The Global Climate Risk Index 2017 analyzes the extent to which countries have been affected by the impact of weather-related loss. I wish there was an index for cat-related loss. My entries would be at the top of the list! This year’s climate index confirms that, although less developed countries are generally more likely to be devastated by weather than industrialized nations, even areas that are typically immune from such risk would do well to prepare. Regardless of where you stand on the issue of climate change, experts agree that the risk of extreme weather events threatens the entire world. And wherever it strikes, extreme weather profoundly impacts facilities, operations and personnel –financially, emotionally and physically.
So how should you prepare for a weather-related disaster?
- Don’t wait until the threat is imminent. Instead, proactively plan and stock supplies and run drills to make sure your family, friends, staff and/or building occupants are set to “weather the storm.” Most canine drills involve chasing our tails or circling over an area to properly flatten the grass.
- Familiarize yourself with the threats that are most likely to strike your region. If you aren’t sure, check the National Oceanic and Atmospheric Administration (NOAA) Storm Prediction Center to find out about your geographic risks.
- Take specific steps to prepare for each and every potential weather-related emergency. Here are a few specific tips three of the most common extreme weather emergencies:
- Keep fans on hand.
- Regularly service your AC.
- Make sure your emergency kit contains plenty of fresh water – enough for at least one gallon per day per person, for three days. And if you have a dog, make sure you leave the lid off of the toilet so we have access to our favorite water source.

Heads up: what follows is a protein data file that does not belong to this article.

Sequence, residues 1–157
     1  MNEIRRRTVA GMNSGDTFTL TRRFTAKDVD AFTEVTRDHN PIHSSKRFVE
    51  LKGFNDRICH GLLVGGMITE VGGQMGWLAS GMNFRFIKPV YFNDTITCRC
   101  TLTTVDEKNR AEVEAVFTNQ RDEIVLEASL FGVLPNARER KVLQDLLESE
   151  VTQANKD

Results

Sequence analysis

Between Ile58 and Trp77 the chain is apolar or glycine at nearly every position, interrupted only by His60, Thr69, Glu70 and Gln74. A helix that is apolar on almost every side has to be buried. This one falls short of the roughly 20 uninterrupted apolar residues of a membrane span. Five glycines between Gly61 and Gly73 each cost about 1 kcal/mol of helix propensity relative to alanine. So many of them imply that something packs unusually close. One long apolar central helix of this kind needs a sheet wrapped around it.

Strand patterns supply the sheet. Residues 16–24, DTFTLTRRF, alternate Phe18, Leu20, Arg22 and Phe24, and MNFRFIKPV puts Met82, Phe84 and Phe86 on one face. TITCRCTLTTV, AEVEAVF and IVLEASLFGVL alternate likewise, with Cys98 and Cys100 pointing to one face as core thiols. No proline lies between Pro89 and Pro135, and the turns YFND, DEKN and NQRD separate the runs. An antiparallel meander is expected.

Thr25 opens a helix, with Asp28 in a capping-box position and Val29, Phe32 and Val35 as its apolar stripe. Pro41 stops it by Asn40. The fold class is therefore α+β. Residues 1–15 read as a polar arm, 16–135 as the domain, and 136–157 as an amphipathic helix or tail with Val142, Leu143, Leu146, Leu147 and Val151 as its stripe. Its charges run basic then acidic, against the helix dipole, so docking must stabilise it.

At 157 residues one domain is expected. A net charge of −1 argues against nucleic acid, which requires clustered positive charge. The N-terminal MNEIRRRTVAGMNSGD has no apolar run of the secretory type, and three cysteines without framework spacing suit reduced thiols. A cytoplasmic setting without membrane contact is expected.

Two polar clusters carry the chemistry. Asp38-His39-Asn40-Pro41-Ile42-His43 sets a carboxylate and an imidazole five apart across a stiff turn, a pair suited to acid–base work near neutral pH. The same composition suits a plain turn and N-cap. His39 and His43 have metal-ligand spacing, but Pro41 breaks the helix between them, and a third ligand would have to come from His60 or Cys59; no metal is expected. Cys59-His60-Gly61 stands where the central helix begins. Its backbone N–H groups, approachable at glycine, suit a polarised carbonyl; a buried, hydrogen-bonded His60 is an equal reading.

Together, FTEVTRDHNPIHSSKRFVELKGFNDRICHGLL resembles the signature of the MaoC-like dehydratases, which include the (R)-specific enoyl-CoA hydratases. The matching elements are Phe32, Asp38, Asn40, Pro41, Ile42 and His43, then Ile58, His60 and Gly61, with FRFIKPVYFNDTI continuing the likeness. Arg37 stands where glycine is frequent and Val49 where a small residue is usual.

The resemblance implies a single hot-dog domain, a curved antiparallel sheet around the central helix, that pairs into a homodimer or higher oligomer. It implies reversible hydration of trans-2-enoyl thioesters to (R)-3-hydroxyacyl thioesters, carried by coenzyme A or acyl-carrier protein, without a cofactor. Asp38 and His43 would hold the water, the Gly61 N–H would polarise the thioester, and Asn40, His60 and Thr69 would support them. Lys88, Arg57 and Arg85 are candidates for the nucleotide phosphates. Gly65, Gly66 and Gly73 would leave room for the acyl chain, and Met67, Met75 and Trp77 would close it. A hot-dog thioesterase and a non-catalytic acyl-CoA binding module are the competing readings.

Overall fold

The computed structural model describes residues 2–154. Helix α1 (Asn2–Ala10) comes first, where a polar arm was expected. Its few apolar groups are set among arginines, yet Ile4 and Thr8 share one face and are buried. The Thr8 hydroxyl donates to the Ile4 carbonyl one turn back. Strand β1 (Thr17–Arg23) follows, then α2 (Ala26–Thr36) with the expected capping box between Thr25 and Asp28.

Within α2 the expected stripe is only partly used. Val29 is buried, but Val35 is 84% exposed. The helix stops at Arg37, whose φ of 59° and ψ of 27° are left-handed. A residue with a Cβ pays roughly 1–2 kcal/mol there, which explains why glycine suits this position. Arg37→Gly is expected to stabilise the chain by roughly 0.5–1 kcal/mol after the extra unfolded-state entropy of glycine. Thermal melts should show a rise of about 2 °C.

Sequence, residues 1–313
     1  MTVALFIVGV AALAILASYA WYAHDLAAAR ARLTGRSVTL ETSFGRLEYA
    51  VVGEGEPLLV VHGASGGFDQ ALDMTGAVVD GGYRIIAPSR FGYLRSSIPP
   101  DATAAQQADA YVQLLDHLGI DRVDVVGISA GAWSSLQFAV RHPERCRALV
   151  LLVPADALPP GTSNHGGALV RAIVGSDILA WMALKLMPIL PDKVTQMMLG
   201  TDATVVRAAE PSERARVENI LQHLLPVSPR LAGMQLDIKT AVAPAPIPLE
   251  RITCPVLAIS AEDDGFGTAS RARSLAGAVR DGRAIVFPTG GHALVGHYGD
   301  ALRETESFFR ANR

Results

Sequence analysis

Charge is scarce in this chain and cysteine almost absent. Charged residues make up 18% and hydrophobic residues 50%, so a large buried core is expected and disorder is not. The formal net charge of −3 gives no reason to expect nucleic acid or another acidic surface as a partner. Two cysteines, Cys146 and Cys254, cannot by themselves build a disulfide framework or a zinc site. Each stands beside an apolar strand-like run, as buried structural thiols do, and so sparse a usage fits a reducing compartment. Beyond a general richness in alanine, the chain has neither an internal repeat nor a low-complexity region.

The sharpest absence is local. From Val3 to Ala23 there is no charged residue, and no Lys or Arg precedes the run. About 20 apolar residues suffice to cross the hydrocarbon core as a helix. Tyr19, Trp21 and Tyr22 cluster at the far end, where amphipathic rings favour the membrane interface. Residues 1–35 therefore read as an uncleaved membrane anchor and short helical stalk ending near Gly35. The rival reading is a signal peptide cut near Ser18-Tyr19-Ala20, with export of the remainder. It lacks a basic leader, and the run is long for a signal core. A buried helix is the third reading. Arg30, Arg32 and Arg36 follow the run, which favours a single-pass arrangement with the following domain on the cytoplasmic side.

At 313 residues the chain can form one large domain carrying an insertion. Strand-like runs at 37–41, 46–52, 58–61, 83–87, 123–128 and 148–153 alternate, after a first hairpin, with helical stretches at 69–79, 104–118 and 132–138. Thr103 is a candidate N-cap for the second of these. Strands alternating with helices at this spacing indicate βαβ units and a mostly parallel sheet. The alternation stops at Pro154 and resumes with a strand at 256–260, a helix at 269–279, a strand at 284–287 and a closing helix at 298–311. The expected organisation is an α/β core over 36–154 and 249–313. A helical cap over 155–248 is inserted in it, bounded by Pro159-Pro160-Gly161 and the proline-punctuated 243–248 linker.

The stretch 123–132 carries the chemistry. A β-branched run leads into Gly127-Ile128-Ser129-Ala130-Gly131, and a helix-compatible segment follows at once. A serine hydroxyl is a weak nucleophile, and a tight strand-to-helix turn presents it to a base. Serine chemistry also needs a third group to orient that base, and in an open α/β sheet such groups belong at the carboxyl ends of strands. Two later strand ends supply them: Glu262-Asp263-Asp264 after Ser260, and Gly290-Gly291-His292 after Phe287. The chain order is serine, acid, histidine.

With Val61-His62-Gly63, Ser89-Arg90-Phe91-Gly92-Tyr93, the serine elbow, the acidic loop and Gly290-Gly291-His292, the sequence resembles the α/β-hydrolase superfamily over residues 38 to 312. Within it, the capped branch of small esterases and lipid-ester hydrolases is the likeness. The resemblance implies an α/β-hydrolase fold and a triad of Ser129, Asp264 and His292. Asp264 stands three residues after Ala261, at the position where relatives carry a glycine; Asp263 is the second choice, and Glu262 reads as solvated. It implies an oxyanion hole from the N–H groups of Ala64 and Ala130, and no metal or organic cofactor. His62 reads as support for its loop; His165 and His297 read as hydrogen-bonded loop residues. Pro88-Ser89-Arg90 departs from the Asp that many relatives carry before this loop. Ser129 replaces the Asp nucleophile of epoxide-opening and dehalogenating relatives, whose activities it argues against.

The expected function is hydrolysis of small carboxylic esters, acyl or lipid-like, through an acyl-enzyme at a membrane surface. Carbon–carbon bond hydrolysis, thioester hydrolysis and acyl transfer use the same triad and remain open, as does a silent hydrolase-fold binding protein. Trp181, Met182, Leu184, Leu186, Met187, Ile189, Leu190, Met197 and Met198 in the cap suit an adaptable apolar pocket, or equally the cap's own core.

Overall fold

- Cover windows to reduce “heat gain.”
- Learn about heat exhaustion and heat stroke.
Thunder and Lightning
The sound produced by high temperature bursts of lightning, thunder rapidly expands surrounding air, resulting in a sonic boom. I’ve never been a fan of thunder. I guess that’s why the guys at the fire station pitched in to get me a thunder shirt.
- If you are inside, steer clear of exterior windows.
- If you are outside, avoid isolated tall trees.
- Wherever you are, seek inside shelter immediately.
- Within a building, avoid using electricity, which contains conductive elements.
- Designate a safe room to shelter in place during the storm.
- Practice tornado drills at home and in the office.
- Remove dead or diseased trees near buildings. In fact, it probably wouldn’t hurt to remove anything that’s dead or diseased even if you don’t face a tornado.
- If you are in your car, drive to a safe shelter location. Or, if that is not possible, stay in the vehicle, buckle your seatbelt, and place your head between your knees.
- The CDC offers tips for safety after a tornado, including watching for downed power lines, and avoiding the use of gas-powered generators or heaters inside a building.
Safely managing extreme weather events requires planning and teamwork with building occupants and staff. Remember that safety is a daily priority for everyone, regardless of whether the disaster you face is weather related. A convenient and affordable way to make sure you are prepared for disasters and emergencies of virtually every kind is to subscribe to the RJWestmore Training System by Universal Fire/Life Safety Services, which has been designed to help improve and save lives. For more information about the best system out there, or to subscribe, click here.